“Given that time is a limiting factor for most individuals, if the goal of exercise is to maximize fat oxidation to better regulate body fat mass, then exercise should be performed at the highest intensity that can be comfortably maintained.” (Melanson: 2002)
…would recommend that our female or male readers stick to “training in the zone”, only. You will learn why this is the case later in the article. For the moment, I do yet want to address the second and third assertion from the initially cited three-item list, first.
II. Whether you exercise or not has no influence on 24h fatty acid expenditure
At first sight this sounds, bullocks. I mean, it should be out of question that you burn more fat, when you work out, than when you lie around on the couch, right? And in this case you are right – at least, if you include the additional fatty acid oxidation during the workout in your calculation and discard things like standard deviations and statistical non-significance.
And still, under “macronutrient-balanced condition[s”], which are a necessary prerequisite to measure the independent effect exercise has on 24-h fat oxidation without having a negative energy balance or the ingestion of some sugary intra-workout drinks skew the results towards higher, respectively lower rates of fatty acid oxidation (cf. Bielinski. 1985; Dionne. 1999). Exactly this is what has been done in a series of metabolic chamber experiments, Iwayama and Tokuyama reference in their paper (see table 1) to support their assertion that
“fat oxidation on days with exercise doesn’t differ from sedentary control days when the energy balance is maintained.” (Iwayama. 2012)
While the results are anonymous it’s clear that they do not support the notion that working out would exert an independent effect on the amount of fatty acids that are “burnt” within the same 24h period the exercise bout was conducted in.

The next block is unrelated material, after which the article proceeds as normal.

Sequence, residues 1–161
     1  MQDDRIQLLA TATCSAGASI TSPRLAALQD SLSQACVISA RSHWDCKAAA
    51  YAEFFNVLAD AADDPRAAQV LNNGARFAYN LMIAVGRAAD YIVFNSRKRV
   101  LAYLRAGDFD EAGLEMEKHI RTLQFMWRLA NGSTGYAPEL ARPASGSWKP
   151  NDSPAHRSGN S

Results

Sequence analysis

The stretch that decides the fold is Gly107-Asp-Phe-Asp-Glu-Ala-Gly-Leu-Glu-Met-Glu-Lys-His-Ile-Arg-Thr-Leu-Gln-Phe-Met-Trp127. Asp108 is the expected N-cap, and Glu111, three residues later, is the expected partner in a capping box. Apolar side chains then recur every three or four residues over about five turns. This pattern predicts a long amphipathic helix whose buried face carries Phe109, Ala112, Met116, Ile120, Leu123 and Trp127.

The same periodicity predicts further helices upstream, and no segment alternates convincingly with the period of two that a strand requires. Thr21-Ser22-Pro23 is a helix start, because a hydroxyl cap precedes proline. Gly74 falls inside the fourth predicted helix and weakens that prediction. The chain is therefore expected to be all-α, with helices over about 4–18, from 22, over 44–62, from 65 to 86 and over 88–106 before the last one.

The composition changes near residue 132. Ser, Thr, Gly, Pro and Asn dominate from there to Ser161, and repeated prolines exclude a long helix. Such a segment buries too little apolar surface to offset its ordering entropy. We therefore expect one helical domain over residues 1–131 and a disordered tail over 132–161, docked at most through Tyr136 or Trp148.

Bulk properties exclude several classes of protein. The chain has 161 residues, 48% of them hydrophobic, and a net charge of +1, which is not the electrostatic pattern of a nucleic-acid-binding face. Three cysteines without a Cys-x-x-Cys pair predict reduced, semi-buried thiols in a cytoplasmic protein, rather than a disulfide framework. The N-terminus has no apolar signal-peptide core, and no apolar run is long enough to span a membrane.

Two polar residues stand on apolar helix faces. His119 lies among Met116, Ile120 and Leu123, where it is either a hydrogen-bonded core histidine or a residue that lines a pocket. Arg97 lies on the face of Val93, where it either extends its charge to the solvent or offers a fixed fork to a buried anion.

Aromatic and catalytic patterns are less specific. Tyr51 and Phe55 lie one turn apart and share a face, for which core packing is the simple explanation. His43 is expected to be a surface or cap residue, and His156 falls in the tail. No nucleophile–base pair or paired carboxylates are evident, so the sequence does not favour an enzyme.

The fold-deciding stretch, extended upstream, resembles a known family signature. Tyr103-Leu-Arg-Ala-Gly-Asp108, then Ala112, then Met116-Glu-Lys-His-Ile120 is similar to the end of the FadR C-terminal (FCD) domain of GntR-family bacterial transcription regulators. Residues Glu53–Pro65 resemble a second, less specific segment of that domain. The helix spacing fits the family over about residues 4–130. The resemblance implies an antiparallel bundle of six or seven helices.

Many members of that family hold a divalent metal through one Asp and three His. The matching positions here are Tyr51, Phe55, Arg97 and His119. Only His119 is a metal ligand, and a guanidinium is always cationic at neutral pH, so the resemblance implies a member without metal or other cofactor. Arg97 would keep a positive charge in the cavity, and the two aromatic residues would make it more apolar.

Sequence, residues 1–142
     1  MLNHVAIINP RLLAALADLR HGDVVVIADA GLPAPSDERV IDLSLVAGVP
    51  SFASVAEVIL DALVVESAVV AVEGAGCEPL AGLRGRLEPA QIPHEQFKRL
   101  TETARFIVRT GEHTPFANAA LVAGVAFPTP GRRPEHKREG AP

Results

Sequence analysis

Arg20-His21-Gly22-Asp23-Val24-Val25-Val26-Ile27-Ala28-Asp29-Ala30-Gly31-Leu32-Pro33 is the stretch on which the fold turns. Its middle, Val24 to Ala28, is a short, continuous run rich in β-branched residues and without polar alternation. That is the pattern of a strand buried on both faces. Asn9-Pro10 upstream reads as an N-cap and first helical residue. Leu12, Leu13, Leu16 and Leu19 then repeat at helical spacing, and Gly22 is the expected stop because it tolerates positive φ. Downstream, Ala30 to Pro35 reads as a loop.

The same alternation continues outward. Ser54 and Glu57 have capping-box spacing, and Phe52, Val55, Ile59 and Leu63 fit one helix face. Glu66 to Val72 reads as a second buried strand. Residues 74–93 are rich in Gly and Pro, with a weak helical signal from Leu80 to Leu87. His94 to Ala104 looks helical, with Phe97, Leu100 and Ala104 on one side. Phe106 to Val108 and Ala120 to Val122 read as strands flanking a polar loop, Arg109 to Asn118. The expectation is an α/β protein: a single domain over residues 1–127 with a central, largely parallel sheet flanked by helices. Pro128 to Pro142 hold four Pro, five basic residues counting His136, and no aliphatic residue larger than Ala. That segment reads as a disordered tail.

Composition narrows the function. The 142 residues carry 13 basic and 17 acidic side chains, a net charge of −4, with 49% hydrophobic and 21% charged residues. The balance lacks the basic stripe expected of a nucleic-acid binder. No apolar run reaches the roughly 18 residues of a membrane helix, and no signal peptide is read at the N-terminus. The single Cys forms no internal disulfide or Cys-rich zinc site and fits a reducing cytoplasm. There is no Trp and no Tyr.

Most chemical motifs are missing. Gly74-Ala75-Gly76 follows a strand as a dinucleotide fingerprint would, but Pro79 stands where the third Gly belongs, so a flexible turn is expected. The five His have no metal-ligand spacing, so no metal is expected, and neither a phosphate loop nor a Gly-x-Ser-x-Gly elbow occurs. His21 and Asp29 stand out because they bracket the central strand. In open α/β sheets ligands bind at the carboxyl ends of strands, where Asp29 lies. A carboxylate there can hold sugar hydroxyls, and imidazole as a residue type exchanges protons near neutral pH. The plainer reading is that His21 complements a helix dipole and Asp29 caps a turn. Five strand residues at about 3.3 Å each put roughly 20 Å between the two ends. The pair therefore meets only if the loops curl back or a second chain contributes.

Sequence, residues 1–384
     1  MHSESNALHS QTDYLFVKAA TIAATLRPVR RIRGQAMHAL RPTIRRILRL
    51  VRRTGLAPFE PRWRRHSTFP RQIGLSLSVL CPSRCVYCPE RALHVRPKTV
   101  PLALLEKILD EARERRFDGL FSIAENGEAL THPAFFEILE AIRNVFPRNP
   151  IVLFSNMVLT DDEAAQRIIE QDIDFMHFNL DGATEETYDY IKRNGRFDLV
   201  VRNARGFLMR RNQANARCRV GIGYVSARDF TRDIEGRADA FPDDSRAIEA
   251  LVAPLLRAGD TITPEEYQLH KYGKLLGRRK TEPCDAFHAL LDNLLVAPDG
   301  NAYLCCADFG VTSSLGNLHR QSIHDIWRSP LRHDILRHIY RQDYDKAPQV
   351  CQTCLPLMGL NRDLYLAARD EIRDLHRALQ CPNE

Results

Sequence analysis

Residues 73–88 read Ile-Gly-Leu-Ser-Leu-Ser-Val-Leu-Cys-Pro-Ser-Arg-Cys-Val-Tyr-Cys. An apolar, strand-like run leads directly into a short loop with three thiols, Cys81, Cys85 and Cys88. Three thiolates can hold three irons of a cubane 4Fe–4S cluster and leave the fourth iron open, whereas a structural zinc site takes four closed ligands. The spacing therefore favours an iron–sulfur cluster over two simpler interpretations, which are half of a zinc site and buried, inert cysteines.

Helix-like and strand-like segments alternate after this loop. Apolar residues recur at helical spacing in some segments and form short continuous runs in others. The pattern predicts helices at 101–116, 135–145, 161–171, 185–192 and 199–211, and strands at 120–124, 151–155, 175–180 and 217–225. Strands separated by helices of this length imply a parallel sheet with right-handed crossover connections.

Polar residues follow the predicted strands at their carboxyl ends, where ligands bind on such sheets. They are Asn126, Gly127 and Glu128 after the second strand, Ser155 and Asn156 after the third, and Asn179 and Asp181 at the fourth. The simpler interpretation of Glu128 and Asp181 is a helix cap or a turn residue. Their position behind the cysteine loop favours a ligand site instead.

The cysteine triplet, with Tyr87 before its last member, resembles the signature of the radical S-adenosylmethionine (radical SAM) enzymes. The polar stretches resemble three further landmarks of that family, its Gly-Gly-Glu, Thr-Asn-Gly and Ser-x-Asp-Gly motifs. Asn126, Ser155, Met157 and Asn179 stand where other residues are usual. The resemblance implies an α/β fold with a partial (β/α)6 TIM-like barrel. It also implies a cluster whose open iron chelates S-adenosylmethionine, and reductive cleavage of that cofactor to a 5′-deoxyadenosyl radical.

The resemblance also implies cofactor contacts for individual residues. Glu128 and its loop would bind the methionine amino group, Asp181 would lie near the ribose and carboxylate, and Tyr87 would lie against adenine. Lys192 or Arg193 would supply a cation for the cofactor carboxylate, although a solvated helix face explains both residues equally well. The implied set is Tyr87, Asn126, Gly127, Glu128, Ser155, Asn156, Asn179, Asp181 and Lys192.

Still, as Iwayama and Tokuyama point out, “statistically not significant” does not equate non-existent. You just have to take another look at the data from the Melanson study in figure 1 to see that there is a definitive trend towards increased fatty acid oxidation in the exercise compared to the control condition.
The difference between significant findings and “unreliable” trends reminds me of a previously not mentioned, yet potentially significant disadvantage of an otherwise highly reliable method to measure the total energy expenditure of human beings: The restricted number of participants in studies using indirect calorimetry with a room-sized respiratory chamber. The “trend” in the Melanson study, for example could well have reached statistical significance with a greater number of study participants; and the same obviously goes for the rest of the studies in table 1, as well. Still, as we are going to see in the conclusion, an over-reliance on statistics is not the only reason why “not working out” is not an option. Before we tackle that, I do yet want to address the last point on our check-list.
Exercise before breakfast increases 24h fat oxidation
This third and last of the initially cited assertions does not only take us back to the “breakfast problem” from the introduction, it’s also the only assertion that’s in accordance with the mainstream understanding of the role of exercise in the process of fatty acid oxidation. “Working out on empty”, “cardio in the morning” and so on and so forth – you know the whole spiel and actually you do also know the scientific explanation of why working out like this does actually work out. No idea? Well, I did provide part of the explanation in the previous paragraph, already, when I mentioned the potential impact of fasting and feasting on the experimental results.